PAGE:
Up in arms

A note from the editor

David Ransom

Who’s in the economic driving seat now?

A few months ago, when I started work on ‘The Great Rebellion’, an uprising by the Arab people was equally difficult to forecast as its outcome is now, as we go to press.

Media coverage in the West immediately suggested that the fate of the Egyptian people must rest in the hands of the US Government, which has funded the Egyptian apparatus of repression for so long. But despotism has been justified once too often by the ignorant and deceitful fantasy that the people of the region are wedded to Islamic extremism.

The truth is that the Egyptian and Tunisian uprisings were just the most recent in a sequence that began in Latin America, continues through much of Asia and is a response to the despotism of free- market fundamentalism and corporate globalization. Because of this response, the ‘Third’ or Majority World has largely avoided The Great Recession and is now in the economic driving seat. And because of this – if for no other reason – the Western physician would be well advised to heal itself. It could do worse than begin by abandoning the prescriptions of the corporate media, which failed just as miserably to diagnose both the Great Recession and the Great Rebellion.

Elsewhere in the magazine we peep inside the paranoid minds of conspiracy theorists, give the humble honeybee a much-needed helping hand, and applaud the global mobilizations of Avaaz.

David Ransom for the New Internationalist co-operative.
www.newint.org

The big story

'Masses everywhere' celebrate a strike against low wages at the Chinese-owned Pine Great Cambodia Garment Company in Phnom Penh, Cambodia, September 2010.

'Masses everywhere' celebrate a strike against low wages at the Chinese-owned Pine Great Cambodia Garment Company in Phnom Penh, Cambodia, September 2010.

Chor Sokunthea / Reuters

The Great Rebellion

The Great Recession may have stunned the Minority World, but the Majority World has survived more or less unscathed. David Ransom investigates why, and traces the outlines of a future that might just be worth having.

Buy this magazine




Features

Ratnamala Tekam, a widow with her two children in Mangi village, in the cotton producing belt of Vidarbha. Her husband killed himself in March 2009 amid mounting debts, hunger and crop losses.Jaideep Hardikar

Bomb drops on Indian countryside

India may be one of the world’s current economic ‘winners’ but inequality is its fastest-growing sector, reveals Jaideep Hardikar.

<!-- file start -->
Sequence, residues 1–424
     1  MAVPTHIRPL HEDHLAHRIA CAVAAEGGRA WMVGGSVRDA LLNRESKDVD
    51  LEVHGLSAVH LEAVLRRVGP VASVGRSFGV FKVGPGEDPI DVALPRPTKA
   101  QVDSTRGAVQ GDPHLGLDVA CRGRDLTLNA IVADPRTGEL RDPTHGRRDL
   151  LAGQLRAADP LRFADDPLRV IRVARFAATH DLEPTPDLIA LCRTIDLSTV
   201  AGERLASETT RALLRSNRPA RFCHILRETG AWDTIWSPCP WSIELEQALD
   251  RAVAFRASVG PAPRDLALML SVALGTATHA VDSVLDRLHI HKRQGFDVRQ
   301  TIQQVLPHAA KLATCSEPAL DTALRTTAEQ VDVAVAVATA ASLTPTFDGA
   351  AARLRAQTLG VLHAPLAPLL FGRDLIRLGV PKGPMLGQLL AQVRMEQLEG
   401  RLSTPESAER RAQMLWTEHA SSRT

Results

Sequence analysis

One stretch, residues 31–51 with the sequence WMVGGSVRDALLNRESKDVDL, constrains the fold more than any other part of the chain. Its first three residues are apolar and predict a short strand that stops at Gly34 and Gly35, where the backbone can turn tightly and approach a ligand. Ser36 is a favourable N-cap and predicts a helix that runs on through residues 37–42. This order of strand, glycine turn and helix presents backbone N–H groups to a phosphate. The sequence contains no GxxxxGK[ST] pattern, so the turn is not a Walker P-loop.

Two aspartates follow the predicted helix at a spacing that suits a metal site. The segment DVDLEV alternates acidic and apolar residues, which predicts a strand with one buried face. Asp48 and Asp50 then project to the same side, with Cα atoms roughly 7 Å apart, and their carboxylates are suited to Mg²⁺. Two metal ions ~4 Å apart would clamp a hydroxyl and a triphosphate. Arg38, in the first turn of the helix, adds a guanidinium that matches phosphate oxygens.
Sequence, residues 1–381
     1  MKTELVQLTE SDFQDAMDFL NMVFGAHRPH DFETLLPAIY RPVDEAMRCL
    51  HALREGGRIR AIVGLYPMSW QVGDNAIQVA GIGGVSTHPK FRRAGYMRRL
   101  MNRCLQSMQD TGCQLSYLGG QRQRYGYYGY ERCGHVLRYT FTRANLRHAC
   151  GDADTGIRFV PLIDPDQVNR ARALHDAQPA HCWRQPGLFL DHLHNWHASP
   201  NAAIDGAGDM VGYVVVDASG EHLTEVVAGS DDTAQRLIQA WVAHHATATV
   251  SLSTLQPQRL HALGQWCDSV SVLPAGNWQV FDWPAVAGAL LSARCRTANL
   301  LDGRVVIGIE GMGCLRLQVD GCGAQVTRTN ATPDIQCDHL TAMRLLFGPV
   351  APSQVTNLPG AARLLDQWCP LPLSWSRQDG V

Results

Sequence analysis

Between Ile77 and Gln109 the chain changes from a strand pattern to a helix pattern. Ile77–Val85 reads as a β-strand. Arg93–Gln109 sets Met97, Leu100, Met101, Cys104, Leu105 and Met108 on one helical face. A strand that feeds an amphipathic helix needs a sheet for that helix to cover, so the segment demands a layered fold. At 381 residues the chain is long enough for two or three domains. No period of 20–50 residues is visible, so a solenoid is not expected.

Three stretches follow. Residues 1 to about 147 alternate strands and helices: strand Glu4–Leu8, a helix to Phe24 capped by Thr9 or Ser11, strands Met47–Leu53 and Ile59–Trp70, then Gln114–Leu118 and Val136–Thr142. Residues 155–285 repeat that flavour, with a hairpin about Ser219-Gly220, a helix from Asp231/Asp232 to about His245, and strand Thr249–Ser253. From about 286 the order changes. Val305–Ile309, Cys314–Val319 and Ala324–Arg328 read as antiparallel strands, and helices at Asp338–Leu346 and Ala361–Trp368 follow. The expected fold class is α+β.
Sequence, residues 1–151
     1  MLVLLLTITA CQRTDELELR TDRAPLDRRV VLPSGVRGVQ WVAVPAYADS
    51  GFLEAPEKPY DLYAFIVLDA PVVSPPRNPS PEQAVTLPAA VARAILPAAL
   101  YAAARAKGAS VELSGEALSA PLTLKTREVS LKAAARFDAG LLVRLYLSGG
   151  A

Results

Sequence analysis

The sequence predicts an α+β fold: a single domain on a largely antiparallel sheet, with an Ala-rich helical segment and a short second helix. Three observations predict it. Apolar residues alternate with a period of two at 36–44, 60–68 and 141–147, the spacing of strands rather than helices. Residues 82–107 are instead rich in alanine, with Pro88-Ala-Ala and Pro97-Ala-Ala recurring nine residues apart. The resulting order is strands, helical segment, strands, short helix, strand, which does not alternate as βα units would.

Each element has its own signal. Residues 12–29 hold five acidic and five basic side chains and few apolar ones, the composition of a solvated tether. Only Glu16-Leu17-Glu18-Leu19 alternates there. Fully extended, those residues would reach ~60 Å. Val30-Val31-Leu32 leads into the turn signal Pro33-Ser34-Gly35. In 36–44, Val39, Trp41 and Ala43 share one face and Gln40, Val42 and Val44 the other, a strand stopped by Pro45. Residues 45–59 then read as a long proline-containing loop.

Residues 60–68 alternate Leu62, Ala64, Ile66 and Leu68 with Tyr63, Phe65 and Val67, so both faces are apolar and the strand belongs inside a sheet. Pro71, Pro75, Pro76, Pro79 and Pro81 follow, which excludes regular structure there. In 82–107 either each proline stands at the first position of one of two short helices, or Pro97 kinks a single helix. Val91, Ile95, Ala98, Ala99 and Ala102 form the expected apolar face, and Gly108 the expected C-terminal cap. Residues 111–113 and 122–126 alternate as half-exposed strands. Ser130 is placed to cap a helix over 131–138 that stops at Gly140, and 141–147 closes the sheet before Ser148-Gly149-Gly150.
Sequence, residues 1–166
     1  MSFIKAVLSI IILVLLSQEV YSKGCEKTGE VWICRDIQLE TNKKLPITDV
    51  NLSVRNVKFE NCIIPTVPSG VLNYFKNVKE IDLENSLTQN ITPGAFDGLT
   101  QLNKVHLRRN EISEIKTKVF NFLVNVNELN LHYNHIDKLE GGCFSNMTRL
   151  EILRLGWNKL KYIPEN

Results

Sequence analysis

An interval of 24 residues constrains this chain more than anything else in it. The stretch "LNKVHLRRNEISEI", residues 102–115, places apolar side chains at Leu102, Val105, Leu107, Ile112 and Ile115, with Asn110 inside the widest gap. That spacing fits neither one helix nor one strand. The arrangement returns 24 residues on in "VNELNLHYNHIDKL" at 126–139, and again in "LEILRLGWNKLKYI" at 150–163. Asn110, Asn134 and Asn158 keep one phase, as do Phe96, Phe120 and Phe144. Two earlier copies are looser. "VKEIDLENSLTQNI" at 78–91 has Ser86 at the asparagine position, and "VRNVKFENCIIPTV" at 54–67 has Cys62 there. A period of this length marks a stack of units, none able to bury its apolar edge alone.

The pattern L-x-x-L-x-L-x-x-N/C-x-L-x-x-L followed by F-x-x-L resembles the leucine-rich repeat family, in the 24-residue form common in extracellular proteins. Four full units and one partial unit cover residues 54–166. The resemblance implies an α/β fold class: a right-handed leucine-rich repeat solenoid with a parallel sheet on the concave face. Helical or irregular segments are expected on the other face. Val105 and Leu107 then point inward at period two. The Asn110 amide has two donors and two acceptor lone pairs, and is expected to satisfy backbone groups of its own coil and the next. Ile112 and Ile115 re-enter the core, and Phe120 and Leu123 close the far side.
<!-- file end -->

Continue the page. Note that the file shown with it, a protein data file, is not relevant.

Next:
Buy this magazine

Illustration by David Dees

Challenging the politics of paranoia

Cartoonist Polyp explores conspiracy theories and finds them not just dotty but dangerous.

Buy this magazine


Alternatives

Honeybees get a helping hand Photo by James Diedrick under a CC Licence

Honeybees get a helping hand

‘Barefoot beekeepers’ adopt an alternative approach to safeguarding the threatened bee population.

Buy this magazine


Opinion

The US military budget

The US military budget

Overcoming empire is not a spectator sport.

Buy this magazine

Stop the crop: activists dressed as aliens pull up GM crops in Watlington, Britain, 1999.Hugh Warwick

Is it OK for protesters to damage property?

Two activists debate whether property destruction is a valid tactic for bringing about social and political change - plus your chance to join the conversation.

Buy this magazine


Agenda

Stop the tar sands trade talks

Stop the tar sands trade talks

A protest against opening the EU's doors to Canada's polluting tar sands

Buy this magazine

The next step: Western Saharawi fisherfolk are demanding the right to fish in their own waters.Photo by Maria Fonfara / www.wsrw.org

The EU-Morocco Fisheries Partnership

Morocco’s exploitation of Western Sahara’s fish stocks in choppy waters.

Buy this magazine


Regulars

Interview with Parvin Ardalan Jenny Cleveson

Interview with Parvin Ardalan

Interview with Parvin Ardalan who is at the heart of the struggle for women's rights in Iran.

Buy this magazine

Samoa

Samoa

A profile of the Pacific island state.

Buy this magazine


Back